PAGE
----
Better Safety Performance Measures Can Lead to Change by Improving Conversations

This paper examines the use of injury rates as a key performance indicator (KPI). It argues that, as a KPI, injury-frequency rate is no longer a valid measure.</p>

Fig. 1—The Swiss Cheese model.

For the last 40 years, the oil and gas industry has measured safety performance using injury-frequency rates. Industry thinking is based on the premise that, if we do not have injuries, then we are safe and, if we have injuries, we are not safe. This paper examines the fallacy of that premise and the use of injury rates as a key performance indicator (KPI). It argues that, as a KPI, injury-frequency rate is no longer a valid measure.

The Current Situation

As a KPI, injury-frequency rate has served the industry well. It has driven ownership of safety performance as a line responsibility, allowed senior executives to hold managers accountable for performance, forced leaders to notice injuries, and driven many improvements.

A graph showing performance over a 2-year period would be discussed at management meetings, reasons argued, and actions given to business unit leaders. The data could create a discussion along the lines of “Overall performance is clearly going in the wrong direction. We all need to be concerned.” Pointing to one cause would be difficult, and many theories would be put forward on the basis of this data.

Why Measuring Injury Rates Is Misleading

Research into accident causation has revealed much in the last 30 years. Earlier work resulted in the Swiss Cheese Model (Fig. 1 above), the Generic Error Modeling System (GEMS) (Fig. 2), and the Tripod Model of Accident Causation (Fig. 3). Two software-based products have been produced from these models; Tripod Beta and Bow Tie analysis both are now mainstream.

Fig. 2—GEMS model.


Fig. 3—The Tripod Model of Accident Causation.


Safety leaders no longer think that people are the only cause of accidents (i.e., stupid people doing stupid things). They understand that errors and violations are the product of systemic causes. Accidents happen because barriers fail. Barriers fail because of people’s action or inaction. People are generally trying to do a good job, but they are influenced by their environment. That working environment is created by the way the business is managed.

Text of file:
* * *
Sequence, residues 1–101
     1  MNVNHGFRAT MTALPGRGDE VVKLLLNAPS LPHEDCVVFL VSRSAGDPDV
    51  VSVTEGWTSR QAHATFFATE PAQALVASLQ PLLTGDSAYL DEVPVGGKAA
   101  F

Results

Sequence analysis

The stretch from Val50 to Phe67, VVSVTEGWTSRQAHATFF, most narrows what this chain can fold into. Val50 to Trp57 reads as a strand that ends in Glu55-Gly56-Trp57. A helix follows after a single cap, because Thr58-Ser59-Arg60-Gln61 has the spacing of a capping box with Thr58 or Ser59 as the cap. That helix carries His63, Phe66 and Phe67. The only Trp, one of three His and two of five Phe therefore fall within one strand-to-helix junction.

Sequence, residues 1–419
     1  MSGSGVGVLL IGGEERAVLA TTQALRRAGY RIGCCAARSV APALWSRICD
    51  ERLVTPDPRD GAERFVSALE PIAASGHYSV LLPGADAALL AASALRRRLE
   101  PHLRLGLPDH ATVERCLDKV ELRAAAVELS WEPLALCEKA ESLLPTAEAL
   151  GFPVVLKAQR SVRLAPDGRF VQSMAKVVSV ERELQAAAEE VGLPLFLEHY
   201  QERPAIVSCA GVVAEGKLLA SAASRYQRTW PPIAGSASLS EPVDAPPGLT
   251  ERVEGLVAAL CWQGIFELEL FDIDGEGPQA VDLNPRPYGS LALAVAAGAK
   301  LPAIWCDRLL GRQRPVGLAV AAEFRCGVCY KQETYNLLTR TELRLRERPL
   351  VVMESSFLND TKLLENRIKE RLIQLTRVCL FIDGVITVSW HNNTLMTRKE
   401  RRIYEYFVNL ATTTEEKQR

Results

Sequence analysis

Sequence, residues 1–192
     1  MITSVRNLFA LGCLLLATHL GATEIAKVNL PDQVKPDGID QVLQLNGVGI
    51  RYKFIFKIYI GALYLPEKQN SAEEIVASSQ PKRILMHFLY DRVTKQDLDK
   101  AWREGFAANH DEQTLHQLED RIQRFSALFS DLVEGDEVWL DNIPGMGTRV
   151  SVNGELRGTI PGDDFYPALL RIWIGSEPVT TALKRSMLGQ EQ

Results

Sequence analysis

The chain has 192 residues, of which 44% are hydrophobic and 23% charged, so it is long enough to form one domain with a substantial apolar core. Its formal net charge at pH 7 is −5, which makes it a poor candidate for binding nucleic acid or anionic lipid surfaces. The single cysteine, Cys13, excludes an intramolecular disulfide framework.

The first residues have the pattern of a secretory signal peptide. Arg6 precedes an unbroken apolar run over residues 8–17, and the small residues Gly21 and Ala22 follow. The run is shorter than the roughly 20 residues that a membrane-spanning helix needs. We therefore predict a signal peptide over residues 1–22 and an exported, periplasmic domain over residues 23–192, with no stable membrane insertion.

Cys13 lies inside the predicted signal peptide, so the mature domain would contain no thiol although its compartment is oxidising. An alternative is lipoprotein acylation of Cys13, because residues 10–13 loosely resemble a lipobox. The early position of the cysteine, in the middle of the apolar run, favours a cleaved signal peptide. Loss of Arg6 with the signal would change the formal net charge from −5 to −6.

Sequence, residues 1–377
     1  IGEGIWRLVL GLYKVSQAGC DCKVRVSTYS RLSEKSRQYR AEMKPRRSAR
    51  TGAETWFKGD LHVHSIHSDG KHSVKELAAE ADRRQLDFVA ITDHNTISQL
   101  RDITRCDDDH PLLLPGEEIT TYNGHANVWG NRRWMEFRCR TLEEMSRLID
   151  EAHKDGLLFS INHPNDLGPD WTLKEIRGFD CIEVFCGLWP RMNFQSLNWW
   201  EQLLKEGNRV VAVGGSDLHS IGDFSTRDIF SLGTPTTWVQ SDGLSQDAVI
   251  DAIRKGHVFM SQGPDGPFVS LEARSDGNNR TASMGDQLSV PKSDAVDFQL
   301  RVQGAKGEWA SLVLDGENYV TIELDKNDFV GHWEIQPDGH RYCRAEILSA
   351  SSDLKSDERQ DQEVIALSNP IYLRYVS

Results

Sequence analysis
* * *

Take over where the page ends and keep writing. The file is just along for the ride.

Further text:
Accidents are complex events with multiple causes. Controls that fail can be a long distance from, and not related to, individuals who are injured. Normally, more than one control needs to fail before someone is injured. Often, those controls are put in place by different people at different times—an operator isolates equipment, a supervisor checks the isolation, and a technician works on the equipment.

Challenging the premise that the presence or absence of injury is a measure of safety reveals the different view that a truer measure of safety is the presence or reliability of the barriers (i.e., organizations with the same level of safety would have the same reliability of barriers). Clearly, this is an oversimplification, but, if the presence or absence of injury is a reliable way to measure safety, then business units that have the same reliability of barriers should have similar injury rates.

Comparing Simulations With the Real World

Injury-rate simulation models are very simple and do not take into account different reporting cultures or different risk levels. Nonetheless, they do demonstrate that, if all things are equal, the random effect indicated by the Swiss Cheese Model gives considerably different injury rates when only a few data points (typically less than 50 injuries) exist.

For instance, a UK business unit recently had one lost-time injury (LTI) in a year while completing 7 million man-hours, putting it in the top 25% of its peer group when benchmarking. The next year, it had 10 LTIs and was in the bottom 25% of its peer group in benchmarking exercises. Was it really 10 times more dangerous?

That personal-injury-frequency rates are no longer a good indicator of overall safety performance should be a cause for celebration rather than concern. In the early 1900s, fatality rates were an indicator of safety; later, injury rates were used. The challenge is to enable ­decision-makers to see the limitations of lagging indicators.

How Injury Rates Create the Wrong Type of Conversations and Behaviors

Many examples exist of a run of injury-free days ending with a spate of injures. For example, one organization had a truly dedicated managing director who was committed to safety. The company had achieved 3.4 million man-hours without an LTI, which, at the time, was a world-class achievement. One day, a worker dropped a heavy gate bolt on his foot on the wrong side of the steel toecap. It bruised his foot. His foot was still sore the next day, so he went to see the company doctor. The doctor told him to rest for 2 days while the bruising went down. This ended the world-class LTI achievement. The director was furious, and he called the chief medical officer, demanding, “Which of your stupid doctors gave him the time off?” The doctor said, in all honesty, “I thought he injured himself at home. I would have sent him back to work if I had realized it was going to be an LTI.”